An Unnamed Soldier In The London Rifle Brigade

A Soldier In The London Rifle Brigade

I bought this large framed photo of a soldier in The London Rifle Brigade at a car boot sale over 20 years ago. He has been on our dining room wall since and feels like one of the family. I wish I knew what had happened to him. The photo was taken at 165 Victoria St, London, which is now a Greggs bakery. I wonder who in his family enlarged this photo and what wall it has hung on before ours for nearly a hundred years.

Rfn Stanley F M Holyfield 2437 5th London Regiment (London Rifle Brigade)

Whenever I am reading through old World War One newspapers, I always read the “Appealing for information adverts” with such sadness and never more so the one I read for Rfn Stanley Holyfield of The London Rifle Brigade. His family from South Wanstead placed this appeal in The Graphic newspaper on the 26th July 1916 as Stanley was last seen on the 1st July 1916. On the 1st July the 5th London Regiment took part in a diversionary attack on Gommecourt where they suffered very heavy casualties. When I started researching him, I didn’t really hold out much hope of a happy outcome.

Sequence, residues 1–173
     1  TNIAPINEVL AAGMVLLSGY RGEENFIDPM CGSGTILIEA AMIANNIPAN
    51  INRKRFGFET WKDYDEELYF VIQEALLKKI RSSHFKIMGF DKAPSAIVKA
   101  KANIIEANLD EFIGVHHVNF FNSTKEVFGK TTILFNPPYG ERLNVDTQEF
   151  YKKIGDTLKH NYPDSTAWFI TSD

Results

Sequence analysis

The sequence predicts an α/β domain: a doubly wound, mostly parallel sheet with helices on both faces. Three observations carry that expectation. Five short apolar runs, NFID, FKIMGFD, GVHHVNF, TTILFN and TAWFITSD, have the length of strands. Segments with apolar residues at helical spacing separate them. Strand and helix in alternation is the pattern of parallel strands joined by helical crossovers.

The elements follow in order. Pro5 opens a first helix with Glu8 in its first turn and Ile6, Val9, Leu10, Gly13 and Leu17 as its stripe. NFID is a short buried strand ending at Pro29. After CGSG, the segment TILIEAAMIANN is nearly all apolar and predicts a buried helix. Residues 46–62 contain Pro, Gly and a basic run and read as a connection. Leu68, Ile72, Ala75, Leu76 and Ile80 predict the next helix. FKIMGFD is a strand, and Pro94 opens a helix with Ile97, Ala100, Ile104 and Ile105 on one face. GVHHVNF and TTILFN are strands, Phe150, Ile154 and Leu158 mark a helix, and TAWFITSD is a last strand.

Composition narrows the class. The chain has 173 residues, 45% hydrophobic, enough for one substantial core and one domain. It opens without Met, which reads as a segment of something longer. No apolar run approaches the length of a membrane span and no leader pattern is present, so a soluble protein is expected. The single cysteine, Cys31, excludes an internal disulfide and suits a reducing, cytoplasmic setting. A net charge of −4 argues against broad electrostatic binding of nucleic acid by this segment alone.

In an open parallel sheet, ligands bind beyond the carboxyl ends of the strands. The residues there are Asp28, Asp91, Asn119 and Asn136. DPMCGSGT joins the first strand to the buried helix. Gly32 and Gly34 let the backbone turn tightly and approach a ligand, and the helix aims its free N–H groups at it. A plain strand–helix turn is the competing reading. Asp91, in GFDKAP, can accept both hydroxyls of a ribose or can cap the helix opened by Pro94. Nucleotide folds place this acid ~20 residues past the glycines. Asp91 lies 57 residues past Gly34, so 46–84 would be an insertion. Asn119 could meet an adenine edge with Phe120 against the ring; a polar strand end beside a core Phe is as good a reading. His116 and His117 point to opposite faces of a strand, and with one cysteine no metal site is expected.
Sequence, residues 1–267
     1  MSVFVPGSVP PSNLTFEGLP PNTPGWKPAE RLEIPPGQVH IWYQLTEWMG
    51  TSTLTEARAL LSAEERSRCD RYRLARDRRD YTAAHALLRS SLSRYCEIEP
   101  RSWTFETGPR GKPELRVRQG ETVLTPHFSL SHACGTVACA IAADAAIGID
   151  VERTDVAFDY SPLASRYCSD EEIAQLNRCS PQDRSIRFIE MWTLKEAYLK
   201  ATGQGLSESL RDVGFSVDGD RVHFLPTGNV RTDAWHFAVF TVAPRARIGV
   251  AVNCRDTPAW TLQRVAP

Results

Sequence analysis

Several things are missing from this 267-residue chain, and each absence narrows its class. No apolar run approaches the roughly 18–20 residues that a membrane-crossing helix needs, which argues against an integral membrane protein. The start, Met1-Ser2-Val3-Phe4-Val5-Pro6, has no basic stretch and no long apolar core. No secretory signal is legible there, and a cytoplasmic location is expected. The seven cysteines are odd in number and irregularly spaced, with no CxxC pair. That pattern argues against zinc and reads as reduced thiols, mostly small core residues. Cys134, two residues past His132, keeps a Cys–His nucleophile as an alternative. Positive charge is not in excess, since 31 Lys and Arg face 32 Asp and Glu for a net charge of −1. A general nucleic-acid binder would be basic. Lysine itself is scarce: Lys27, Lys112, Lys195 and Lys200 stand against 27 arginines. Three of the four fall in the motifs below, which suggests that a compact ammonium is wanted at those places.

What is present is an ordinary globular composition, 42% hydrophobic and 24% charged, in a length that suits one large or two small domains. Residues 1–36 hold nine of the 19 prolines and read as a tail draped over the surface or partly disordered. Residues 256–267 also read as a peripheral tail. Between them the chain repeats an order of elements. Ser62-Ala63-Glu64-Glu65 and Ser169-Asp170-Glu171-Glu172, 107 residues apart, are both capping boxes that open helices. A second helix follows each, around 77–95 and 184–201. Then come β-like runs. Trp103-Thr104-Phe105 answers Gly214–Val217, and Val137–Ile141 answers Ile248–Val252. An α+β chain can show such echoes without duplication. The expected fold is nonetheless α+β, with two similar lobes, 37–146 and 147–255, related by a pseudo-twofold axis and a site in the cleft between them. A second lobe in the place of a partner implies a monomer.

Rfn Stanley F M Holyfield

Stanley Frank Montague Holyfield was born on the 7th Jul 1897 in Leyton, Essex. He was the eldest son of Frank Arthur and Alice Mary Holyfield and grew up at the address at Wanstead Park Avenue with his younger sister and brother.

Stanley must have lied about his age when he enlisted in The 5th London Regiment on the 31st May 1915 while still only 17. He went with The British Expeditionary to France on the 17th Jan 1916 and was still only 18 when the battalion attacked Gommecourt on the 1st July. The London Rifle Brigade were driven out of enemy trenches with great loss. Lt Col A S Bates gave the strength of his battalion at the time of assembly for action as 23 officers and 803 other ranks. At 5pm he would count just 89 unwounded men. Total casualties given in regimental histories were 588. There didn’t seem much hope for Stanley but incredibly he had survived. His time in service overseas is given as 17th Jan 1916 to 1st July 1916 but he was discharged as sick on the 27th May 1919. He was possibly taken prisoner and survived the rest of the war in a prisoner of war camp, however being discharged as sick didn’t necessarily mean he survived as what ever experiences he had endured may have taken a terrible toll on him.

I was delighted to find in the records that Stanley married Joan Puckle in July 1940 at the age of 43. The couple lived in Chelmsford Essex and Stanley died in August 1985 at the grand old age of 88. It has been a really uplifting research project and Stanley must have been a strong determined young man to survive so much.